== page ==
A good night’s sleep becomes even better when you are tucked into a smartly dressed bed. Your head sinks into a soft pillow, the silk sheets wrap around your body, and the blanket feels softer than your favorite cashmere sweater. How do you make sure your luxury bedding is the best it can be? Learn the basics before choosing everything from sheets to down pillows to duvets. Then take a look around you. New colors for spring include soothing spa hues (pale pink, periwinkle, and green tea), as well as bright poppy hues. If colors aren’t your style, rest assured that white is more attractive and less utilitarian than ever. So go ahead and invest in luxury bedding, the material of your dreams. You will sleep wonderfully.

Thread counts in luxury sheets

In general, the higher the thread count (the number of threads woven in one square inch), the thinner the cotton sheet will be, but that is not always true. More than 200 are considered good quality for luxury bedding. Go above 250 and you will notice the difference. But finishing processes, including bleaching, printing, and dyeing, also affect smoothness, especially with very dark colors (look for yarn-dyed sheeting, which are softer). High quality Egyptian and Pima cottons have longer fibers than standard cotton and can be woven into stronger, silkier yarns. Therefore, a 200 thread count Egyptian cotton sheet may feel softer than a standard 220 thread count cotton sheet. If you choose standard cotton, look for “combed cotton,” which is softer.

Sheet primer


COTTON A soft natural fiber that breathes and dyes well; wrinkles (may need ironing); Widely used fabrics include percale (crisp, smooth cotton sheets), satin (shiny with a silky feel), and Jacquard (with woven designs; more expensive than percale or satin)

POLYESTER does not fade but does not breathe; Slightly rough feeling; can you take a pill

JERSEY Like a cotton jersey, knitted, not woven cotton; gentle; does not wrinkle but can lose shape; ideal for spring and autumn

FLANNEL Soft cotton with a plush surface; the warmest sheets available; choose preshrunk and brushed or plush on both sides

LINEN Strong, resistant and resistant to stains; expensive but lasts for generations; stiff when new, softens with use; wrinkles (ironing is a must); for the best quality buy Irish, Italian or Belgian bedding

SILK A lustrous, soft fabric that drapes wonderfully; Expensive luxury bedding leaves; often requires dry cleaning.

Care and handling: sheets

o Wash new blades before use to remove manufacturing finishes or odors.

o Use warm water with a cold rinse to wash luxury sheets (hot water breaks down fibers); Dry on permanent press setting.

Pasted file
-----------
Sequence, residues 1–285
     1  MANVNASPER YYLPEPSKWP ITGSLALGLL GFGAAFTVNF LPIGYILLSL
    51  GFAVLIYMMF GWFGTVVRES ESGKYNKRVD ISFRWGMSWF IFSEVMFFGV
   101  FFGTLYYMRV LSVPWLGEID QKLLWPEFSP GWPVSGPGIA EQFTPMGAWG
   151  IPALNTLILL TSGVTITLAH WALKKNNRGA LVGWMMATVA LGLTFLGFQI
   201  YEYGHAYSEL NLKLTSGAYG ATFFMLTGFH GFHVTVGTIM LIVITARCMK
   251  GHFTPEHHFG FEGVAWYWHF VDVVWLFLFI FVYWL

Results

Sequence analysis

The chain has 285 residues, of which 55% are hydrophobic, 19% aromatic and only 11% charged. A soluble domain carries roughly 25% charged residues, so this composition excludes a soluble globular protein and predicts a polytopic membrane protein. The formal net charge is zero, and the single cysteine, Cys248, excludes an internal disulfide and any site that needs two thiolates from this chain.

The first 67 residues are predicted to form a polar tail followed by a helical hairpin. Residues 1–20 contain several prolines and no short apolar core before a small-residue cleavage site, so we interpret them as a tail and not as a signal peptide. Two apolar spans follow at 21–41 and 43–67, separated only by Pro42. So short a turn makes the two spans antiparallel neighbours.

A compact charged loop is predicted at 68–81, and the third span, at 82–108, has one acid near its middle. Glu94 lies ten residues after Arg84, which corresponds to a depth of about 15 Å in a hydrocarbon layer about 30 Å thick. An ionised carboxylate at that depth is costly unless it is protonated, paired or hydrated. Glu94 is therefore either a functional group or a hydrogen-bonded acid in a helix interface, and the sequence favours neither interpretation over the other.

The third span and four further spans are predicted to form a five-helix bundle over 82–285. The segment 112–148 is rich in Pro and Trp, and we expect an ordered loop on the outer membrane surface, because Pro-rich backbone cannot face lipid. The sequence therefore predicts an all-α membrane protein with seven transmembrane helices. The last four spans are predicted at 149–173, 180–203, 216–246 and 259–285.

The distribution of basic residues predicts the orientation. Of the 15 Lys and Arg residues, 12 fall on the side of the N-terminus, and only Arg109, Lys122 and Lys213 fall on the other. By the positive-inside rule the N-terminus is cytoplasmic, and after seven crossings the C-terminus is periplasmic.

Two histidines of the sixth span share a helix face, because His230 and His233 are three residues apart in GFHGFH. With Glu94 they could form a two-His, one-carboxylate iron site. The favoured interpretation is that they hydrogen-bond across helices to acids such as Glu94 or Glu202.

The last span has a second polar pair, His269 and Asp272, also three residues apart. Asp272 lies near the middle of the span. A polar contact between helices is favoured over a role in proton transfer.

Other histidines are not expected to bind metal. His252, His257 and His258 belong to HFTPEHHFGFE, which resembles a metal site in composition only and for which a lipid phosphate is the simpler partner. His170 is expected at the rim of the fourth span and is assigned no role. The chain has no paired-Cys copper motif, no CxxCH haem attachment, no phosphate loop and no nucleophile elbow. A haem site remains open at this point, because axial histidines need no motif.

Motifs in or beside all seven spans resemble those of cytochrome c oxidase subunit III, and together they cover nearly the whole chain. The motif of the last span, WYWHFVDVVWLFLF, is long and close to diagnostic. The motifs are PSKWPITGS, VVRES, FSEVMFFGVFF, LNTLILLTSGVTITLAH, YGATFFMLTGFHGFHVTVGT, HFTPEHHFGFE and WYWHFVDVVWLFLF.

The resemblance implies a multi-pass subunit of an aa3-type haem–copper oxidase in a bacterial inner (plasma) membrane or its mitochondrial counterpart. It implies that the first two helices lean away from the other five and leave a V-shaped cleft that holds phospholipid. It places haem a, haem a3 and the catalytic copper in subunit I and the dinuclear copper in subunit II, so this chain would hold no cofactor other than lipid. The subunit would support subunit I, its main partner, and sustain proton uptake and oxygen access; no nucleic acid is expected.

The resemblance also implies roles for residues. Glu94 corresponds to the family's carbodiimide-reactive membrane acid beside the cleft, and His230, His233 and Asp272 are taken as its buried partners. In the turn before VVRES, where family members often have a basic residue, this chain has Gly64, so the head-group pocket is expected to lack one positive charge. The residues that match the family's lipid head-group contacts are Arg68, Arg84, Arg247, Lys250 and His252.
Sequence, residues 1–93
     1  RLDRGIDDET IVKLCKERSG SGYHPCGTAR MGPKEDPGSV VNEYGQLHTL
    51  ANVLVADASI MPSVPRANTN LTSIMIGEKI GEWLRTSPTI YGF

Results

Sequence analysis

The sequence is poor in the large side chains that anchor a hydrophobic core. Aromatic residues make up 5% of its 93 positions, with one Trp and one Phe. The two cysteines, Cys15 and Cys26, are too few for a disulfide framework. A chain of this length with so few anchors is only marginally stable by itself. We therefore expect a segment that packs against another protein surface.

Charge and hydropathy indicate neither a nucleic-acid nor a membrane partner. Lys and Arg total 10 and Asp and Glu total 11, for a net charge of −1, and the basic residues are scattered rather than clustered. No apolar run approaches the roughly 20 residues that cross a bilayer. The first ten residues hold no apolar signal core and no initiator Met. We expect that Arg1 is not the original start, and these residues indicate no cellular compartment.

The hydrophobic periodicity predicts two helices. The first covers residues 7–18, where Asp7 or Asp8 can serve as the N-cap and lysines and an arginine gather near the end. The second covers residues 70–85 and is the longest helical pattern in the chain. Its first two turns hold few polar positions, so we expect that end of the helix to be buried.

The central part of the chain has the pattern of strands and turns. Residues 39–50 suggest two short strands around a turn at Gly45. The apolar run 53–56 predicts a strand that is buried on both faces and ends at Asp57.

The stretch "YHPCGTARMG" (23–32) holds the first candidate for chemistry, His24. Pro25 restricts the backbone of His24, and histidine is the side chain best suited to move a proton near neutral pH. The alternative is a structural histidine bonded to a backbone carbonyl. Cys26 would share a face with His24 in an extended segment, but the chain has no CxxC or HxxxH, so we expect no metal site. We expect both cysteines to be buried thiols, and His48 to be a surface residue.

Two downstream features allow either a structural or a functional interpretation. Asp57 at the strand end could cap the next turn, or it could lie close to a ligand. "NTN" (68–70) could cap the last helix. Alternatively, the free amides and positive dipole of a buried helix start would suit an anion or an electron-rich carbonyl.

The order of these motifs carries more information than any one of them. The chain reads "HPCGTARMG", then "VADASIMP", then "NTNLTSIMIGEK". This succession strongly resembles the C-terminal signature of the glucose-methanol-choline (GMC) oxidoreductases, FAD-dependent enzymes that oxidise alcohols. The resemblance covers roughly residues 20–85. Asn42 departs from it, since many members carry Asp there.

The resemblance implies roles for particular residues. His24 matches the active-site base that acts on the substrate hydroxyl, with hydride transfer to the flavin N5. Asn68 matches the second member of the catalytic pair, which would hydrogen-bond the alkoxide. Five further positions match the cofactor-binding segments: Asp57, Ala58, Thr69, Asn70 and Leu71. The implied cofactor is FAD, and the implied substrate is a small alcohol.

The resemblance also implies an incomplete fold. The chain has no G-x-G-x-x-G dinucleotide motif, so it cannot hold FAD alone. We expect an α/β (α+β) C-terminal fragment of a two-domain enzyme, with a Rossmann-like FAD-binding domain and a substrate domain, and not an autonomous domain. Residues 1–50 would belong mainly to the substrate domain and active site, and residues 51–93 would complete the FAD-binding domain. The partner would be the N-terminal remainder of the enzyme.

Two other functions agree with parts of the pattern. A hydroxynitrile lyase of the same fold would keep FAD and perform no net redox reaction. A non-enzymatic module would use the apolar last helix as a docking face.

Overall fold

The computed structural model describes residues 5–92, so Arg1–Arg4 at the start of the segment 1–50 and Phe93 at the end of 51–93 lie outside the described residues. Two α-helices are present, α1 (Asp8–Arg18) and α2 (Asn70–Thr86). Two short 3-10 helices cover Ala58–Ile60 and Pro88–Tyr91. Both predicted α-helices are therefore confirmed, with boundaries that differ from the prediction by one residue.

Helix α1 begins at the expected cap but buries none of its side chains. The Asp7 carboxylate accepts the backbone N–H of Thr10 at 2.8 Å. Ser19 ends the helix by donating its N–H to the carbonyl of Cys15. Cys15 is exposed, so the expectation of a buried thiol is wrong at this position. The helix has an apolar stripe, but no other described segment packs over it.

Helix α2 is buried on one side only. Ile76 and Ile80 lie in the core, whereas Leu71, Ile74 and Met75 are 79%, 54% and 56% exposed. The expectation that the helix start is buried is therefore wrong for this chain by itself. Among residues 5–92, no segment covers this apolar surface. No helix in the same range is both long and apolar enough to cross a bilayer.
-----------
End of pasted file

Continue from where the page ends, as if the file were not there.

o Unless sheets are very dirty, use half the recommended amount of detergent. Wash colored sheets with a liquid detergent (powders don’t always dissolve completely, so they can leave a residue that dulls colors).

o Never use chlorine bleach on luxury sheets, which can weaken the fibers.

o Wash sheets separately from terry towels to prevent lint migration.

o Remove the sheets from the dryer while they are still slightly damp to avoid wrinkles. Fold or spread them on the bed to air dry if necessary.

o If you iron luxury sheets, use a hot iron on damp sheets; iron lace or embroidered on the reverse side.

Double take: quilts

Instead of the classic patchwork, the newer quilts are made from single fabric pieces in a solid color or integral pattern, and are often reversible. Modified patterns add instant impact to your bed, while solid colors highlight the elaborate designs created by the seams of the luxury bedding trend.

Sure, a soft bed sink with a luxurious mile-high duvet is cozy, but what if you want a slightly more elegant look? The quilts are right around the corner, but forget about the caterpillars. Instead, look for solid color fitted liners on textured fabrics. The ultimate bedding look is streamlined, modern, and flat, easy to achieve with a slim duvet or custom made quilt or quilt. And throw the piles of decorative pillows; limit small pillows to what you need for comfort. To soften the look, tuck in cozy textured plush blankets or blankets, or add a subtle pattern, such as tone-on-tone flowers, to bed or dresser pillows. Bonus: you’ll avoid the hassle of removing layers of covers from the bed or trying to find a place to store them before crawling under the covers each night.

Goose down is softer and generally more expensive than duck down as it provides more insulation. The most expensive goose down comes from Siberia, Hungary or Poland; China goose down is less expensive.

Basic bedding: what’s underneath

Choose a pillow for firmness. Down is softer; feathers are firmer. Generally, tummy sleepers prefer soft down-filled pillows. Side sleepers choose firm pillows with a high ratio of feathers to down, and those who sleep on their backs sleep best at a 50-50 mix. Ticks must be tightly woven (at least 230 threads) to contain feathers. Other Options: Cotton, Primaloft, and Polyurethane foam come in many densities and are good for anyone with allergies.

A mattress cover keeps the mattress clean and dry. Cotton is an obvious choice, but fleece provides extra padding, goose down filling is ultra-soft for luxurious bedding, and foam offers back support.

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